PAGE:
By Natalie Anillo, MBA2020
Marketing Procurement Senior Specialist, TD Ameritrade
I decided to do an MBA because I wanted to transition my career in industry (from financial services to tech) and function (from supporting marketing to actually doing the marketing myself). I also wanted a more global role at an international company, as I had been working in a very US-focused company.
From a personal growth perspective, I wanted to study outside the US and get the opportunity to live in a new country. LBS was a strong match for this. LBS’s very diverse student body from all over the world and its focus on global business showed me that I would truly learn a lot about working in business on the global stage. LBS’s recognition as one of the top business schools globally also attracted top tech companies to the school to recruit, many of which have locations in London. London is such an international city that even if I decided to move back to the US after the MBA, I felt I would still have plenty of opportunities to do so.
I also liked that the clubs, treks, and student activities were fully led by students here, unlike many other business schools I looked at, which opened students up to new leadership opportunities. The student body seemed to also be very engaged and friendly – particularly when I would be moving to London without knowing a soul there. I believed that this was a school where I could see both personal and professional growth.
My study group has been a fantastic experience. We came in not knowing each other at all and came out really being there to support one another. I recognised where my strengths and weaknesses in both business and in working with a group were through the work with my study group. I then had the opportunity to work on those weaknesses throughout the year and improve on them.
We all gave feedback to one another to improve. In general, our study group was also just always there for one another. If you needed someone to ask a project question to, someone to talk to during the break in class, or someone to hang out with on the weekend, they were always there. We even did a study group ladies trip recently (the boys were invited but all were busy). The people in my study group have become some of my closest friends in this programme.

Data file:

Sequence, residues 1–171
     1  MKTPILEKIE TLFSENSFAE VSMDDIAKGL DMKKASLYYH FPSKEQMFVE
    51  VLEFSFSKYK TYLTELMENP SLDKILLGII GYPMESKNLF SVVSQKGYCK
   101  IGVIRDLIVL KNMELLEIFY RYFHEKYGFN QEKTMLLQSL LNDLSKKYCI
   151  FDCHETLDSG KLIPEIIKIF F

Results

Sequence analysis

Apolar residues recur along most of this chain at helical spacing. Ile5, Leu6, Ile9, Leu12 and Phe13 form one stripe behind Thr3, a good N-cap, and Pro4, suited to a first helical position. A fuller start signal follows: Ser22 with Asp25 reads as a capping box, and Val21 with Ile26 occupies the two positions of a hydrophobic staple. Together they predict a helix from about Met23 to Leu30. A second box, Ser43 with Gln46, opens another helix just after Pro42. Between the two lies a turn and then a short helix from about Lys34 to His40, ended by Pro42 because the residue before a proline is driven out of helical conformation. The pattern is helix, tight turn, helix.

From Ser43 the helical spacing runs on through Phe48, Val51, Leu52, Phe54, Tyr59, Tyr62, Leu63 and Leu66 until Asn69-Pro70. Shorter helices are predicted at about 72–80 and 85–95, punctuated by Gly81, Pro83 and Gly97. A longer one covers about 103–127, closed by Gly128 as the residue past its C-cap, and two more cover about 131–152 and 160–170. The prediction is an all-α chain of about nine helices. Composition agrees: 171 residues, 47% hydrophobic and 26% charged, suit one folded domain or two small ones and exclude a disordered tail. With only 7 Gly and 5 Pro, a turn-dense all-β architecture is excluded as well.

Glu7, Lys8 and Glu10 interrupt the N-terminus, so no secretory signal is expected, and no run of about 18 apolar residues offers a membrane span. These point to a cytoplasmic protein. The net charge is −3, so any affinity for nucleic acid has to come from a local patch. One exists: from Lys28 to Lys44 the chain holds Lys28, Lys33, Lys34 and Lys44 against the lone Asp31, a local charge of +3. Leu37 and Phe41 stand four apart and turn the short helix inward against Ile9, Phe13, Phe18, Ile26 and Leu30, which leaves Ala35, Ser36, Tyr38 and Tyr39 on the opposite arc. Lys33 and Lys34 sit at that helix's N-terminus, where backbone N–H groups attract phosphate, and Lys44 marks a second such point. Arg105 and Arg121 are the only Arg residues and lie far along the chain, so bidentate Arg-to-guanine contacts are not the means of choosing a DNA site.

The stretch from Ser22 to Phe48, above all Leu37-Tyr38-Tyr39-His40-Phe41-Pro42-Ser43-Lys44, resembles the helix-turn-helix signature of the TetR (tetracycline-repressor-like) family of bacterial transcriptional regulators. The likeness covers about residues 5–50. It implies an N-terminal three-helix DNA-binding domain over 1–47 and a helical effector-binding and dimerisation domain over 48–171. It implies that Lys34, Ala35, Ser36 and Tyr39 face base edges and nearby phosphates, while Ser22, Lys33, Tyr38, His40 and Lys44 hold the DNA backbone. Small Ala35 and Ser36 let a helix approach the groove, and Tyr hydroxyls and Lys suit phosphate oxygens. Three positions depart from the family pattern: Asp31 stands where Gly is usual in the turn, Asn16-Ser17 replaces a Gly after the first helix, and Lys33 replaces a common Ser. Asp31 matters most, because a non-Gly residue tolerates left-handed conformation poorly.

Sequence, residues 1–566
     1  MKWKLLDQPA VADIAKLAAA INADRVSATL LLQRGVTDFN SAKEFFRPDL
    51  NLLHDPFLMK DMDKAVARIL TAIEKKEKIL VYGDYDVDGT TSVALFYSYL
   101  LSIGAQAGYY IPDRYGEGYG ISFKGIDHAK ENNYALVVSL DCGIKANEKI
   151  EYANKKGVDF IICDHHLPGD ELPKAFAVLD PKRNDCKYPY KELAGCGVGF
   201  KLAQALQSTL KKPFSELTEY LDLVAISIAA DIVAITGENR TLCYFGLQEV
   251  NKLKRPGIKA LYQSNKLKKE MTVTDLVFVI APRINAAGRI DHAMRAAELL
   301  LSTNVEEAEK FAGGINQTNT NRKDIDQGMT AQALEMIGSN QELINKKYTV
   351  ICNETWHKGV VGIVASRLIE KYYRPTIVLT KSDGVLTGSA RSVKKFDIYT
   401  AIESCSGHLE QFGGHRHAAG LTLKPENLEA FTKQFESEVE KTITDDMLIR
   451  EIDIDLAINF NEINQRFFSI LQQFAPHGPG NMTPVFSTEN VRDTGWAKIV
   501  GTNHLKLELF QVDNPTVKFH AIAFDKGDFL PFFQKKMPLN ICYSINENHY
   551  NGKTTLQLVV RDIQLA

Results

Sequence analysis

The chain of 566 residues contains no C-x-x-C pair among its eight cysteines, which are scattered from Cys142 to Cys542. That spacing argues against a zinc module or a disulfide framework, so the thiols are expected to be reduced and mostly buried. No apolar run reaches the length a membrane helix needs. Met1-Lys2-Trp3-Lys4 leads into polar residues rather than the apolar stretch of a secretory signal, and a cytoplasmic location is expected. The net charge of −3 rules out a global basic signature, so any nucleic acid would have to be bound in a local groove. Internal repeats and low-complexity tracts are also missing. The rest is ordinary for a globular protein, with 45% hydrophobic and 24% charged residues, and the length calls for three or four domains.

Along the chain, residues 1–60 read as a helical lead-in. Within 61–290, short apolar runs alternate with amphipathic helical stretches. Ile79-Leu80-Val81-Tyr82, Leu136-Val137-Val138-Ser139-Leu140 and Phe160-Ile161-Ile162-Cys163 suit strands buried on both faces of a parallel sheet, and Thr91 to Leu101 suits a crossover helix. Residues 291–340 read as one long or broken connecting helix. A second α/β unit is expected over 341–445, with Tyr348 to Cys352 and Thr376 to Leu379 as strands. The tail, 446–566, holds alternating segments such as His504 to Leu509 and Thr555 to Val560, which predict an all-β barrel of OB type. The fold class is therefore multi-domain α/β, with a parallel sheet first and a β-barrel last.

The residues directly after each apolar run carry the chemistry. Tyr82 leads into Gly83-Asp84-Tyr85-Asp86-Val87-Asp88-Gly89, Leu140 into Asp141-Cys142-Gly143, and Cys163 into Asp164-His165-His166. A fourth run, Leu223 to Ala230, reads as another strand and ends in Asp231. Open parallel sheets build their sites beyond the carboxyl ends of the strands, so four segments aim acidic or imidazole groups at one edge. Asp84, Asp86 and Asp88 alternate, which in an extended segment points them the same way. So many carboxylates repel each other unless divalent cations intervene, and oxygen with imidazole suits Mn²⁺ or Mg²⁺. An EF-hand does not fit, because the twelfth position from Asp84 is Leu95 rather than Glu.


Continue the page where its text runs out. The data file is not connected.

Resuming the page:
Our study group was very diverse – in nationality, gender, past work experience, and personality. I learned a lot about how different cultures act through the study group, and it was helpful to have each other’s perspectives on class projects based on our own cultural backgrounds. I think I will be able to work better with people with cultural differences from myself based on this.
Our differing professional backgrounds also were extremely helpful when it came to class projects – we could each teach one another about the subject we were most familiar with. Differing personalities is typically the most challenging part of any group project, but through it all, we learned how to work well together. I think this will really help me in working with people with different ways of working or personalities from myself in the future.
The highlight so far was karaoke with our study group. Seeing my Korean study group member (Joonil) and his wife sing every single word of “Gangnam Style” in full excitement was priceless.
In order to build rapport and relationships with my study group, we spent a lot of time in group meetings talking to each other to get to know one another. We also arranged study group events outside of class projects – we did a lunch, two dinners, a karaoke night, Andi and I went to visit Trish on exchange in Madrid this year for a weekend, Rodro and I just got back from a safari in South Africa together, Andi just finished helping me move flats, and we’re currently planning a dinner this week. The away day at the beginning of the first year was also a great way for us to just jump right into getting to know each other and bond right off the bat. Through all the group projects, we showed each other that we could trust one another. If someone said he or she would do something, they did it. That allowed us to build trust quickly.
Last year, I was on the women’s touch rugby team and one of the VP Events of the Marketing Club. This year, I’m a Tech Peer Leader and on the Sundowners Crew. All of these experiences have been great. They have enabled me to meet tons of other students (across all programmes) and make some great friends. The Marketing Club also enabled me to form relationships with external companies of interest and build my leadership skills in organising events, which I was able to talk about in internship interviews.
If I was to offer advice to applicants considering LBS vs other programmes, I’d tell them to think about the top three things they want to get out of the MBA programme, then assess each programme against those goals. There are so many great programmes out there that I think it can get overwhelming to assess them based on all of the criteria out there being marketed. It helps to really narrow it down to the key goals and which school can meet those best. It’s a significant investment of both time and money, so you want to make sure you’re meeting your goals!